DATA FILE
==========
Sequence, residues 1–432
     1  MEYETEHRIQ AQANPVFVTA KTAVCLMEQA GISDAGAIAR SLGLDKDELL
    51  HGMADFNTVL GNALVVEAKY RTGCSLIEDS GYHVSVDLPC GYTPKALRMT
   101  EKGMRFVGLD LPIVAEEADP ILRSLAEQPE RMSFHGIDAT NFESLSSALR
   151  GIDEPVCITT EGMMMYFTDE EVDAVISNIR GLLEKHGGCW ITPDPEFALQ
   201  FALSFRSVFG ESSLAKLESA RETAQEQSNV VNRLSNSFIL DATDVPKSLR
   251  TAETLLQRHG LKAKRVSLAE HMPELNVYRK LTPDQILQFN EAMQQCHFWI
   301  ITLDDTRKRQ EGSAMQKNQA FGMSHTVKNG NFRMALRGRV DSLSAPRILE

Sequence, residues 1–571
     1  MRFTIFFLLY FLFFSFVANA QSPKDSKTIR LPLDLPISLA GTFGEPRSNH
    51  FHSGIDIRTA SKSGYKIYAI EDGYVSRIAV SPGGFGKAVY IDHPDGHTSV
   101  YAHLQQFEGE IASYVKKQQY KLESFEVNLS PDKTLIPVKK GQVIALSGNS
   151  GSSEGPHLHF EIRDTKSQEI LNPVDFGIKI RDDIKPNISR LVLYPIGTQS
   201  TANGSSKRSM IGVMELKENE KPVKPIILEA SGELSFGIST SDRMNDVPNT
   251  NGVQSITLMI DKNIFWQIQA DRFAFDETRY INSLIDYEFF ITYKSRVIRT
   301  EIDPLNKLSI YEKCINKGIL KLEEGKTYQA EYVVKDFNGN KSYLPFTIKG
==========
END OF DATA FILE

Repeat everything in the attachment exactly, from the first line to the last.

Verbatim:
Sequence, residues 1–432
     1  MEYETEHRIQ AQANPVFVTA KTAVCLMEQA GISDAGAIAR SLGLDKDELL
    51  HGMADFNTVL GNALVVEAKY RTGCSLIEDS GYHVSVDLPC GYTPKALRMT
   101  EKGMRFVGLD LPIVAEEADP ILRSLAEQPE RMSFHGIDAT NFESLSSALR
   151  GIDEPVCITT EGMMMYFTDE EVDAVISNIR GLLEKHGGCW ITPDPEFALQ
   201  FALSFRSVFG ESSLAKLESA RETAQEQSNV VNRLSNSFIL DATDVPKSLR
   251  TAETLLQRHG LKAKRVSLAE HMPELNVYRK LTPDQILQFN EAMQQCHFWI
   301  ITLDDTRKRQ EGSAMQKNQA FGMSHTVKNG NFRMALRGRV DSLSAPRILE

Sequence, residues 1–571
     1  MRFTIFFLLY FLFFSFVANA QSPKDSKTIR LPLDLPISLA GTFGEPRSNH
    51  FHSGIDIRTA SKSGYKIYAI EDGYVSRIAV SPGGFGKAVY IDHPDGHTSV
   101  YAHLQQFEGE IASYVKKQQY KLESFEVNLS PDKTLIPVKK GQVIALSGNS
   151  GSSEGPHLHF EIRDTKSQEI LNPVDFGIKI RDDIKPNISR LVLYPIGTQS
   201  TANGSSKRSM IGVMELKENE KPVKPIILEA SGELSFGIST SDRMNDVPNT
   251  NGVQSITLMI DKNIFWQIQA DRFAFDETRY INSLIDYEFF ITYKSRVIRT
   301  EIDPLNKLSI YEKCINKGIL KLEEGKTYQA EYVVKDFNGN KSYLPFTIKG